This week I’ve spent a lot of time thinking about the greater significance that a career path has on our lives.
Similar to an a-ha moment I had about marriage, I’ve come to realize that a career is about much more than just our financial gain, or even our purpose.
As Mr. Lively and I approached the next stage of our relationship last year, marriage took on a whole new meaning for me. Instead of the common “finding Mr. Right” marriage paradigm, I swapped it for the understanding that a long-term partnership is about learning to grow as a human to become more understanding, compassionate, and universally loving.
Up to the point where we got married, I had reached a certain level of independence and self-mastery. I was far from perfect in these areas, but I knew that the greater evolution and growth I had to make as a person rested in the inter-dependence of sharing my life with another.
At that point our ceremony wasn’t so much about anything completely ego-induced (though it may be impossible to avoid all shades of ego in a special relationship), but it also was a symbolic new life lesson. To live with understanding, compassion, love, and support of another person as unconditionally as possible.
For me, life partnerships aren’t primarily about completing the other person or “making” them happy. It’s about learning and evolving as a human into a more compassionate, loving being and then sharing that love with the world.
Now, as of this week, I understand that there are greater contexts to our careers as well.
For a long time I’ve been keen on the idea that we all have talents to share with others, which may maintain our livelihood in many cases. At the core, these gifts center around simply serving those around us in whatever way we can in the present moment.
But I never made the connection to the greater life lesson that a career provides us as individuals. I’ve been so focused on how we can help others, I’ve never seen the power that a career can have in our own evolution.
For example, I have been self-employed my entire career. I have learned to serve those who work with and for me, I’ve learned to serve others through sharing my stories on this blog, and I’ve learned to serve those I consult with daily to help them improve their lives and businesses.
I have learned over the years to serve in these ways. I’m comfortable in these areas and they come naturally.
But my newest frontier, design, puts me in a new position. While I still am ultimately hired for my expertise in design and branding, I am also a contractor working for my clients.
I’m no longer serving from the same vantage point as I do in my other pursuits. I need to learn to serve someone that I work for.
I know that may seem obvious, or even perhaps easy for some. But for me, it’s something I have not done in my career before and that means that there is opportunity for me to grow.
I now understand that my design projects, for my personal growth, aren’t about “being a better designer.” They are here to help me serve others in a new way. To expand my compassion, love, support, and understanding for others.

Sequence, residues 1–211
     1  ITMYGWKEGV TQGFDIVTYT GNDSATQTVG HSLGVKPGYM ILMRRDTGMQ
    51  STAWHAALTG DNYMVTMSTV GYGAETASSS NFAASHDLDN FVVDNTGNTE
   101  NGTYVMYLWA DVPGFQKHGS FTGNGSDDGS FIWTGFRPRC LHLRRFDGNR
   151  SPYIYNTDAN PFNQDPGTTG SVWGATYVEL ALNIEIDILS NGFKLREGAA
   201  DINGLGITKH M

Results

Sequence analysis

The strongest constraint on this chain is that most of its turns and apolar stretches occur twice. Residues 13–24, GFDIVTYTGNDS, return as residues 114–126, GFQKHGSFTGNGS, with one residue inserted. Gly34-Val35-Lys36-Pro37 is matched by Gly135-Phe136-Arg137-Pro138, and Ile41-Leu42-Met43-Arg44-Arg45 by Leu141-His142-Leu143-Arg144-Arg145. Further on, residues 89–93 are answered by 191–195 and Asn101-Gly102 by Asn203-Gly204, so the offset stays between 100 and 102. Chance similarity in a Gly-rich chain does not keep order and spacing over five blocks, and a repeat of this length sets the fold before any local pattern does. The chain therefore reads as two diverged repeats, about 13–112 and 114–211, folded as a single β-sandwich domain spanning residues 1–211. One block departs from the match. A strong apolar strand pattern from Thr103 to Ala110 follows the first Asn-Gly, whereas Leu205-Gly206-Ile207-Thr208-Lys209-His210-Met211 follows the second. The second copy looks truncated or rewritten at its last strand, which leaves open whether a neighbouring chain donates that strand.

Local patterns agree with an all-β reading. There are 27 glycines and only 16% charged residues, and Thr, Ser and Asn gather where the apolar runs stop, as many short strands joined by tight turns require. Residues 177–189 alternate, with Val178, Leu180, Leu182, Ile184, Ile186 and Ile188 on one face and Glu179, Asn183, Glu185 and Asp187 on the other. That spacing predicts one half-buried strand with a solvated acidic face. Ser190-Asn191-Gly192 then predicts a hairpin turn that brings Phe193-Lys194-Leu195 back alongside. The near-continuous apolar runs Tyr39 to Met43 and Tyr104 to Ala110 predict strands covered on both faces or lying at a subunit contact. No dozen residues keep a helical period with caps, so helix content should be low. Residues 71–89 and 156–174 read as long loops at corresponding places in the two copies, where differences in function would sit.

Each day that I serve my clients, my focus now should not just be on the design I create, but also on the way that I’m serving the people who hire me. Elementary? Yes. But not something I’ve done before when working for myself.
The concept of life lessons in a career can apply to virtually any situation.
Earlier this week, for instance, I worked with a Life with Intention client who is at a job that she hates and has seen as simply a means to an end (money). She is working towards supporting herself with a new business, but until the business can support her, she is choosing to stay at this job.
Instead of looking at her time there as deplorable, but financially profitable, she too as a greater life lesson to learn.
For her, the people she works with are often negative, reactive, and afraid to make decisions. Because of this, she dislikes interacting with her co-workers and going to meetings.
During our session we discussed what greater lesson she might gain from this situation. For her, the concept of learning to not let others steal her joy is the greater meaning behind her position.
No matter how reactive or negative her co-workers might be, her lesson is to not let them steal her own happiness.
If she can truly learn this lesson in her current job, she will have that strength to apply to her business, when the time comes as well.
There may be upset customers, slow sales periods, or production delays that might try to steal her joy. But if she applies the growth she makes from this current situation, she’ll have greater patience and a steadier, more joyful outlook during her self-employment as well.
What she learns now will serve her for the rest of her life.
I believe that if we look hard enough, we will find that almost every job is ultimately here to teach us something far more valuable than our paychecks.
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